We stayed there for an hour, Ryan and I running around in the fields and woods and buildings. I wanted it. And I wanted it NOW.
"We can't" of course was Sam's response, and it hurt my guts. We went back to the hotel and swam at the pool and came back in and had our turkey sandwiches. And I dipped back on-line to see the pictures of it just one more time. Looking over my shoulder, Sam said, "No way!"
He pointed at the screen. "There was an open house today. Now. It just ended."
Sure as shit. An open house from 2-4 and it was 4:30. I grabbed my TracFone and called the agent on the paper.
"Are you leaving there right now?"
"I am. I would stay and show it to you but I have to be at another property at 5. I could come back out and show it to you tomorrow afternoon if you want."
We agreed to meet there at noon.
We got there early.
For one, we were measuring how long a commute it would be from the Areva office and for another, I just wanted to be there again. The whole time, Sam's telling me, "now remember, we can't buy it so don't go getting your hopes up... we're just here to look and then we'll see what we can do in the spring." I nodded, but my heart said, "whatever." I wanted that farm.
When he pulled up, Sam and I were already walking around the yards, having left the kids all three sleeping in the running car (something I would NEVER do in town). After a quick tour of the house--which admittedly was smaller and a little more rundown than I had hoped... it was over a century old, so I was willing to cut it some slack, but Sam was really biting his nails over the state of the ceiling and slanting floors--we strapped the girls up into the carriers and headed out for a walking tour of some of the property.
It was SWELTERING hot. Sam and I were literally melting, dripping with sweat and I was a little worried about the kids since we had only brought a small water bottle. But the walk was good. The land trail was a little hilly, but there were good flat pastures and nice thick woods around them--just what I wanted. The thick woods would hopefully keep my bees from wanting to stray any further into other farms with their GMO corn and whatnot. Okay, I'll admit here that I didn't LOOOOOVE the lower fields. Something in my gut felt uncomfortable back there. But the house, the surrounding lawns, the adjoing pastures, THOSE were what I fell in love with right away. The rest of the land tould wait a little to be developed.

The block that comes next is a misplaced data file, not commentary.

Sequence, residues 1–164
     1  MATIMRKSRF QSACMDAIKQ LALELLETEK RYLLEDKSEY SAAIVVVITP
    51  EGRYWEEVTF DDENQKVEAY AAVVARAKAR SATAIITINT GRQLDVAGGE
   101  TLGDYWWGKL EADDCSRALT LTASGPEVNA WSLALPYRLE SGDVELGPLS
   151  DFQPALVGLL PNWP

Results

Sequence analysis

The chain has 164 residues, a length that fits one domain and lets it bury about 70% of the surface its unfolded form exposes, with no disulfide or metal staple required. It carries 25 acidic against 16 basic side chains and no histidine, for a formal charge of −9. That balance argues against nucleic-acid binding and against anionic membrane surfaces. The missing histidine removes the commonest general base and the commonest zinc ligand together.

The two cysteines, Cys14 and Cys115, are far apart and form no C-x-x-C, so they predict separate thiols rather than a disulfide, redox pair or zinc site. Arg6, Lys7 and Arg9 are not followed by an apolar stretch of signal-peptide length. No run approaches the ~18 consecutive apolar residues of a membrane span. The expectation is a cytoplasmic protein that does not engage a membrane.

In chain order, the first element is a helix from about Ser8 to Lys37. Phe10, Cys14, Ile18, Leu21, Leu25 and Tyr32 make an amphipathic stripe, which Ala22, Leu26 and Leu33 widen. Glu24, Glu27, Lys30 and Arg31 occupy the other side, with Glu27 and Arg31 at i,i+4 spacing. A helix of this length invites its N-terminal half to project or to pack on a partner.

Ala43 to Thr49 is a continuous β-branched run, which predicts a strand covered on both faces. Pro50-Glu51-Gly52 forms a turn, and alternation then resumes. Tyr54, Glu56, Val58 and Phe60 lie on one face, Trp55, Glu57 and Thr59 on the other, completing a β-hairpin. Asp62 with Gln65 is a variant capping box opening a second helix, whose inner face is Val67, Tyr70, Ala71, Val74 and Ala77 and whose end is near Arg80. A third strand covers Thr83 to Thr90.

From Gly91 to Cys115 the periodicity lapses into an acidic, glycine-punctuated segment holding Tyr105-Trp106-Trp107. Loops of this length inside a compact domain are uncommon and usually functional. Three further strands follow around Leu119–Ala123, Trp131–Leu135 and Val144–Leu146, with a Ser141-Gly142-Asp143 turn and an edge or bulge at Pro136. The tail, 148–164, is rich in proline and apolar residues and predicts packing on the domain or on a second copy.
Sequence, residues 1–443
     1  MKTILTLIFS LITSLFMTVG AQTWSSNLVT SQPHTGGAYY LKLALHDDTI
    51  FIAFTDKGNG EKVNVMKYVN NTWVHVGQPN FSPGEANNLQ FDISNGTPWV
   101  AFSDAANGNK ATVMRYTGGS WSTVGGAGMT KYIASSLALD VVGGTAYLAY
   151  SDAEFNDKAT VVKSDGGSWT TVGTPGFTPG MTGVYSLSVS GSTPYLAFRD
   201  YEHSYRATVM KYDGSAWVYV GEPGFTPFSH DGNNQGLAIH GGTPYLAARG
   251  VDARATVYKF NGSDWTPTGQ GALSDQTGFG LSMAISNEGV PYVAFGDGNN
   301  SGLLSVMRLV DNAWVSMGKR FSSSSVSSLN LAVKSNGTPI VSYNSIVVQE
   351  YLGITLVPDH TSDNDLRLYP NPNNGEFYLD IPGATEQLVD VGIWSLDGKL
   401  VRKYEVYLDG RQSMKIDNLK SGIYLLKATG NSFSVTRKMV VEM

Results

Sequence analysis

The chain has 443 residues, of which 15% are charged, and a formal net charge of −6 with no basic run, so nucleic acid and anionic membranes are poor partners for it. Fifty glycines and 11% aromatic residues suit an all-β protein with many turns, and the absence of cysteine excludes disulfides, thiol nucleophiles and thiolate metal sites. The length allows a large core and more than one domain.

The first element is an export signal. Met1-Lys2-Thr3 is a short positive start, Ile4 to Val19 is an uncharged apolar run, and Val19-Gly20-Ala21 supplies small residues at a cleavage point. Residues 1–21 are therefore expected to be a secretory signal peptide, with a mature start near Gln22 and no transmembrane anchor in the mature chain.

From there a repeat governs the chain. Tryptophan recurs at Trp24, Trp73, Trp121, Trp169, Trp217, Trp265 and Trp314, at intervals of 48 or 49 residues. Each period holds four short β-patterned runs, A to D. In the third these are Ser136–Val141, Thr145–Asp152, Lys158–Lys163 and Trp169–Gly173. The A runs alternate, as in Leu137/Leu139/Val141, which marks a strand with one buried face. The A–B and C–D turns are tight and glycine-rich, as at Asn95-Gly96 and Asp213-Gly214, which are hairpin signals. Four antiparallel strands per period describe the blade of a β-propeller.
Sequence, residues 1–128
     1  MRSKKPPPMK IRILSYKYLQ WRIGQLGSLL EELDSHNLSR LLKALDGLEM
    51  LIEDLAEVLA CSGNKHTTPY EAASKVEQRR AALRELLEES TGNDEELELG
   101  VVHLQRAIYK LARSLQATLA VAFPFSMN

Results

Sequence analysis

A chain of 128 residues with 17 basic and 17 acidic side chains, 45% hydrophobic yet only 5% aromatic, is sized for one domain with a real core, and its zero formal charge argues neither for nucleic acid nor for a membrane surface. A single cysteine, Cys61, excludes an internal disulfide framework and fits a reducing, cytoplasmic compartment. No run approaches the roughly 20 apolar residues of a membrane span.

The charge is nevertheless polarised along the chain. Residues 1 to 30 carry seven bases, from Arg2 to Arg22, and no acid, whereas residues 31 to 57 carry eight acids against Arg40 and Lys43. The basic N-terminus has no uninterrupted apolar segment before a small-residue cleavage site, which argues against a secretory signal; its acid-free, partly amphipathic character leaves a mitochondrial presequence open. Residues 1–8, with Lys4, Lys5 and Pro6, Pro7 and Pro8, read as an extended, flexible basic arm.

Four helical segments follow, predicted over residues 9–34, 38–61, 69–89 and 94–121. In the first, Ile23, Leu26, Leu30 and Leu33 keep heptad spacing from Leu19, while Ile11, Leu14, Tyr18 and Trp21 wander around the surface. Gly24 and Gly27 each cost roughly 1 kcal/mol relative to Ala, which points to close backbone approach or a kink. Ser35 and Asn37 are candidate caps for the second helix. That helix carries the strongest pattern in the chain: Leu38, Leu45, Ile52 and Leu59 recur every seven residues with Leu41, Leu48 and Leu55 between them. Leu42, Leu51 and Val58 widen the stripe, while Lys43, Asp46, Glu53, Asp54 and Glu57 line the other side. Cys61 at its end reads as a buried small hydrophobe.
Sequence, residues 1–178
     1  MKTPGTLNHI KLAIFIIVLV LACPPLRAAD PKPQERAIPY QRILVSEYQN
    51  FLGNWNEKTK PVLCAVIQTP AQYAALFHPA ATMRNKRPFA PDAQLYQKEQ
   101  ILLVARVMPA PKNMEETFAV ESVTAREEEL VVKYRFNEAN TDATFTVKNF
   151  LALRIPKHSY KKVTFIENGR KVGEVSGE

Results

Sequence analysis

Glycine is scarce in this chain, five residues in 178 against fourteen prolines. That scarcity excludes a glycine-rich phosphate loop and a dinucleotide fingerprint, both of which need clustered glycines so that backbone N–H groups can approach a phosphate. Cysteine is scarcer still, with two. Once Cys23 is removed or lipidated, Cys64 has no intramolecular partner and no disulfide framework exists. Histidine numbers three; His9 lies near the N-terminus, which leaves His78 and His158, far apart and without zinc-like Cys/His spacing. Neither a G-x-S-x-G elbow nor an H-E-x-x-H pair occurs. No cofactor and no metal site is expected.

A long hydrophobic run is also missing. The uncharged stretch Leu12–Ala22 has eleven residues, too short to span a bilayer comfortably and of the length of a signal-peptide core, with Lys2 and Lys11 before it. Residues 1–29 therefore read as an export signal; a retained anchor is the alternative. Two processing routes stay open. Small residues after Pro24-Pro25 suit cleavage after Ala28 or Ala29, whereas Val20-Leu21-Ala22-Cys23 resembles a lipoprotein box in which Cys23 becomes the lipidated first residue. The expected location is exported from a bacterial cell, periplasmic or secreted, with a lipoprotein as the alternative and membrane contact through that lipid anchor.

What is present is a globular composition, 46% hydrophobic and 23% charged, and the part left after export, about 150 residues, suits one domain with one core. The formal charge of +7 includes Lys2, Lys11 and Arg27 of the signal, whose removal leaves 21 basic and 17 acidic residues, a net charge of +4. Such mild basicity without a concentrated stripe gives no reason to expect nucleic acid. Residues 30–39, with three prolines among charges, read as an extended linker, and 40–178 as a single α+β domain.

When we got back the house, the agent asked us our plans and took down our numbers. We munched grapes from the vines in the garden as we discussed hippie projects--all of which he approved--and raising families, etc. He said he'd give our number to a financial guy and let us work out possibilities. I kept hearing Sam's voice in my head... and well... in my EAR... saying "we can't."
The financial guy called before we were even in the room. Sam called him back from our hotel phone and after a brief conversation, my husband hung up the phone and said, "Huh."
He tried to hide his smile when I said, "We CAN, can't we?" It wasn't really a question. I knew that with our excellent credit records and our income, we could pull it off. It would mean putting down a low down payment and maybe encountering some sticky times of scraping together some cash, but in the long run, we'd be able to do it by the skin of our teeth.
We got the kids ready for bed and then my husband, Lord love 'im, started filling out paperwork to buy my farm. *heart pitter pattering* I went to bed because I was EXHAUSTED and finally happy. HAPPY.
Midnight. Sam woke me up. "Joj, wake up. I just can't wait until morning to tell you. The forms I'm filling out suggested we take a look at the sex offender registry and on a whim, I did."
This woke me up.
Turns out, there's a sex offender right.next.door. Let me explain several things 1) one family owns all the land--our tract and all the SURROUNDING tracts... Like ours was an ISLAND in the middle of their tracts, 2) the sex offender is a member of said family, 3)I grew up the victim (god I hate that word) of repeated sexual molestation by more than one person, 4) I have three kids and plan to have two more, 5) my children would have to walk past this dude's house to catch the school bus, 6) I'm moving into the country so that my kids can run wild and free, not so I can be constantly worried about them.
Yes, I know there are sickos everywhere. Yes, I know there are LOTS of people on those registries who got in trouble for consentual things. YES, I KNOW that people change. I myself have made LOADS of mistakes and have grown out of them (*cough*sluttiness*cough*). But I can NOT take that kind of risk with my kids. I just can't.